It can be hard to focus on something other than our anxiety when it is so strong. However, there are plenty of positive things we can focus on. There are so many hobbies in the world to choose from; healthy ways to get into action and be productive instead of spending all your time and energy on something that holds you back and makes you feel limited.

Hobbies. Hobbies are employed not only by those of us who suffer from anxiety, but by almost everyone in the world. Hobbies have the ability to take our minds off of the things that slow us down.

Boredom is one of the worst things for anxiety. Oftentimes, when we are bored, our minds begin to wander. Unfortunately, for those of us who suffer from anxiety, most of the time when our minds wander, we tend to focus on the negative instead of the positive. Hobbies can help us change our thought process, they can give us something entertaining and healthy to do.

I’ve always been someone who is often bored. I was always telling my parents when I was younger how bored I was and I still find myself saying it sometimes. However, I have found that hobbies are a great way to keep busy and keep focused on what we are doing instead of how we are feeling. Here are some of the hobbies I have started to do. I will explain just how they help get my mind off of my anxiety.

-Working on a Challenging Puzzle:

-Working on a puzzle that is challenging helps the person working on it focus on the task at hand instead of what is bothering them. Puzzles take a lot of attention to detail and hard work and because of this, puzzles are a great way to get your mind on something other than your usual negative thoughts. Puzzles, much like being successful in getting through anxiety, also enables a person to feel successful when they find the piece they are looking for. Seeing that you can do a challenging puzzle may also help you realize that you have the ability, with hard work, to get through your anxiety. Puzzles, while not as challenging as fear, show that just because something is hard, does not make it impossible! Puzzles are also colorful and can cheer you up simply by staring at the vast amount of colors!

-Reading an Interesting Book:

-Reading a good book that you can really get into can help immensely with anxiety. I’ve read books before that don’t quite do the trick but when a book is really interesting, I’ve found reading helpful. Reading a good story helps us fall under the spell of another world, a world where fascinating things can happen. Even if there are parts of the story that are stressful for the character in the book, the stressful situation is part of the character’s life and not ours. Also, while we need to deal with reality, there is nothing wrong with taking a break from our own lives and diving into the fictional life (or non-fictional life) of a story and a character.

 
-Watching TV Shows/Movies

-Watching calming TV shows (or at least ones that aren’t too anxiety inducing) is a great way to get our minds off anxiety. While we shouldn’t watch too much TV (sorry to sound like a parent), watching TV can be a great way to concentrate on what’s going on in the show instead of our own hectic lives or situations. The benefits of watching TV to get our minds on something other than stress is similar to that of reading a book. However, for those of us who may want to visually see something distracting instead of having to make up our own images in our mind, a TV show is a great way for almost all of the senses to lose themselves in something entertaining. By hearing people talking in TV shows, we get distracted from our fears. By watching TV, we are able to visually see something which in turn, helps us focus on the show instead of anything else. Movies do the same thing!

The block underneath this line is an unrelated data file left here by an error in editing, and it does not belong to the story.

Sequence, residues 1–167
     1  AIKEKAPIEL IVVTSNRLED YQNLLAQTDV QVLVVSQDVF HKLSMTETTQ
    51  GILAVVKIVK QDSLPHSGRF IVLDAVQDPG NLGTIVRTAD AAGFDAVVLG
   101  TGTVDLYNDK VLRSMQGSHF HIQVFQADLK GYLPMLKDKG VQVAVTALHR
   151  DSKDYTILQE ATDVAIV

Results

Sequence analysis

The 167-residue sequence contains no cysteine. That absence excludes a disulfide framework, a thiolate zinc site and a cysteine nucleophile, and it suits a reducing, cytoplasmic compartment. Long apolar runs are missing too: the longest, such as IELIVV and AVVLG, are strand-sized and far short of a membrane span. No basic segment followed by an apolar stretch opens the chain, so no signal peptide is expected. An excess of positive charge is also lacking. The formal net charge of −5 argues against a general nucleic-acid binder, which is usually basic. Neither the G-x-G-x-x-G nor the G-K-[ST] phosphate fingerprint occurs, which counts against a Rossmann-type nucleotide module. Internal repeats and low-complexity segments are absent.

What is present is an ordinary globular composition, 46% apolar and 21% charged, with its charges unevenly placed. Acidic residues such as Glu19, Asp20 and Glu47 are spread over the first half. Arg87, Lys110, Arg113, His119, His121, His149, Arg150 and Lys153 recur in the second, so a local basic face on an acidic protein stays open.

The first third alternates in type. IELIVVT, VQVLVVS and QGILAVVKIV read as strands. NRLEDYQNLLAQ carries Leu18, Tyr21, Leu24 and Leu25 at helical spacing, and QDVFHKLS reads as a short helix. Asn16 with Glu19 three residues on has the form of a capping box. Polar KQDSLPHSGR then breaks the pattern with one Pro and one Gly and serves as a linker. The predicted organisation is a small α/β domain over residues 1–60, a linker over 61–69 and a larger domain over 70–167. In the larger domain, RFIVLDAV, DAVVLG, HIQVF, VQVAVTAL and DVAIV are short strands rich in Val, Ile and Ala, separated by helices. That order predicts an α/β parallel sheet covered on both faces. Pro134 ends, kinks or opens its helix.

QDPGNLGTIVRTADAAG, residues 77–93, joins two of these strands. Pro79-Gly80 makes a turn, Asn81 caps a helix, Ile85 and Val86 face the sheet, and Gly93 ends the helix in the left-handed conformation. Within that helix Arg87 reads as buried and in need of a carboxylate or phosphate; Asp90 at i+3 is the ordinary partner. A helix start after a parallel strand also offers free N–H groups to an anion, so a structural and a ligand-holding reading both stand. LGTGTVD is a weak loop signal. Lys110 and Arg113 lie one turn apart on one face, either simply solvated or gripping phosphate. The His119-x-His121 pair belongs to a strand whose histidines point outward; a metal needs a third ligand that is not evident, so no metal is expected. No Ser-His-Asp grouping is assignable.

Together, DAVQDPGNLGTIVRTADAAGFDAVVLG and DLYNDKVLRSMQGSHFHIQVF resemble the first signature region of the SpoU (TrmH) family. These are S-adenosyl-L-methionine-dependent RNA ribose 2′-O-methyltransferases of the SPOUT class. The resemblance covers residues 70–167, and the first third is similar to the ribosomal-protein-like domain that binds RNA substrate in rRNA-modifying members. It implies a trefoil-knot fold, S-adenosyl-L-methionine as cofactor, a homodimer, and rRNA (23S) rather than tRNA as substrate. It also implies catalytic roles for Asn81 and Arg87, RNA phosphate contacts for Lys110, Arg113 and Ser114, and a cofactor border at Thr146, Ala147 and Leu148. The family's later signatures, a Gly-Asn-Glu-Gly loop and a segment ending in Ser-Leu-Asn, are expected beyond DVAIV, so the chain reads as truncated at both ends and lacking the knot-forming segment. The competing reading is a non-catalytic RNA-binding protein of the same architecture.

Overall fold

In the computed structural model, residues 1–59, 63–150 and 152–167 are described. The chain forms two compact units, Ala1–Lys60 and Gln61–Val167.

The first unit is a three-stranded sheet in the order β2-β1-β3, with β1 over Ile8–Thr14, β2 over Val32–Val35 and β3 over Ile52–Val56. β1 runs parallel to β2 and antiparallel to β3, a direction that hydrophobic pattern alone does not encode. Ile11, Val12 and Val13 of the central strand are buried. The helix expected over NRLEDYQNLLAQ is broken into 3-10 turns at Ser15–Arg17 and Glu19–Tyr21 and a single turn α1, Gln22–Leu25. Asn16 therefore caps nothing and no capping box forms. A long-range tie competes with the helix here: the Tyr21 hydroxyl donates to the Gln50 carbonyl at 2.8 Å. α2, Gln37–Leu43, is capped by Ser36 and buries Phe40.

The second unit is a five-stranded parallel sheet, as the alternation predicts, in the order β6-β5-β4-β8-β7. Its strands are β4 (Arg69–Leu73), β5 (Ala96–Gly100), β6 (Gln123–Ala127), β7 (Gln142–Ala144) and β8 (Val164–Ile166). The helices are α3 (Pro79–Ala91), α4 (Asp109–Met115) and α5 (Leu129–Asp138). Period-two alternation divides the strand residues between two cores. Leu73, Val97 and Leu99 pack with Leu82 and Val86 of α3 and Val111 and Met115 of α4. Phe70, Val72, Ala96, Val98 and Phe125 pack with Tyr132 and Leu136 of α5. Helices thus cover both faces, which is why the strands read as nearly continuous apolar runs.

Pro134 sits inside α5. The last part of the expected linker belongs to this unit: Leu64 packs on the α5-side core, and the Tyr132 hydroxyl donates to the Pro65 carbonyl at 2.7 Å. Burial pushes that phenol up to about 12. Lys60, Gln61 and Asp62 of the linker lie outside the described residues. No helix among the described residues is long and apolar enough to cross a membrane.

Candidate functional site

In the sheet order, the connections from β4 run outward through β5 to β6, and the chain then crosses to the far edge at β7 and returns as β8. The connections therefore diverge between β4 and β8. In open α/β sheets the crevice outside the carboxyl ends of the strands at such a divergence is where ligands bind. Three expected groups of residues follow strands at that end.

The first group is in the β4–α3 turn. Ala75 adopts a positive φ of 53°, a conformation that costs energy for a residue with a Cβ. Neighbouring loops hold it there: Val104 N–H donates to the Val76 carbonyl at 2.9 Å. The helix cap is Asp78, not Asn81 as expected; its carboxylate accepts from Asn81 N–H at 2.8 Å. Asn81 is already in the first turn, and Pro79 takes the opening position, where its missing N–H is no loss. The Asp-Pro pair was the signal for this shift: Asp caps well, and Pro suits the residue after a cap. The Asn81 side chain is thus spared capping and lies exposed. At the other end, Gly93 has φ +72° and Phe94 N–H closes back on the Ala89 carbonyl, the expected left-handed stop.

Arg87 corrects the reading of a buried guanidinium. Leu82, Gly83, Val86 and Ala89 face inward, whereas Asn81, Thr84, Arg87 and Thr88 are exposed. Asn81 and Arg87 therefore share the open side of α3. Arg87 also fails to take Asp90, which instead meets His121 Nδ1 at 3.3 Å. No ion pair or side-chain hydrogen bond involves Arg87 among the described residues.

Crafts- For me, hobbies have always revolved around being creative. I’m no artist, I can hardly draw a stick person but, that doesn’t stop me. One of my favorite things to do is paint pottery. The simplicity of just doing basic painting strokes really helps me feel at peace and forget everything that makes me anxious.

 
Writing- Whether I’m writing about what’s going on in my head or about something to distract me, it can really help. Words are an escape whether it’s through writing or reading. Writing helps to put negative energy into something more positive that helps you get it out. When you want to get your feelings out without actually talking about it.

Writing a story or book also helps you create your own world. You are able to focus on something that you created, but in a positive way. Instead of focusing on anxiety that you may have created, you can focus on something you are good at: writing. When you are working hard on your writing, it’s hard to focus on your fears. Also, not only does writing stories or poetry help you get your feelings out, but if you share your works, you can also feel good knowing that you are sharing your feelings with others and possibly, even connecting and helping them.

Sports-

-Sports are a great way to get out your frustrations in a more physical way. I know when I’m really anxious I run, I sprint as fast as I can for as long as I can. It’s almost like physically running away from your problems, without actually hiding from your issues. In most sports, like soccer, baseball, any type of hockey, tennis, or several other sports, you can hit things, and that physical release can really help to get out anxieties. Using sports as a hobby is a healthy release of our fears or anger, instead of an unhealthy way.

 
Exercising/Stretching/Practicing-

While perhaps not always considered a hobby, exercising and practicing facing your fears should also become a habit. By consistently exercising and stretching, you prove to yourself that you can get through your anxiety and other issues. Also, by facing your fears, you are allowing yourself to make progress and you can begin to see that you are capable of doing so.

 
While anxiety may seem all consuming and unbearable a lot of the time, hobbies can help to be a distraction and a relieving way to release some of your built up anxieties. All of these hobbies distract you from the negative energy your body is holding against you. Whether it’s running, puzzles, yoga, or painting, you can find a sense of security in a hobby. I really encourage the use of hobbies as a way of handling anxiety. While it may not be entirely distracting, it is a good way of releasing those bad feelings that anxiety bring you.

**Thanks again to Mary for helping me with this post! I really enjoyed working with you!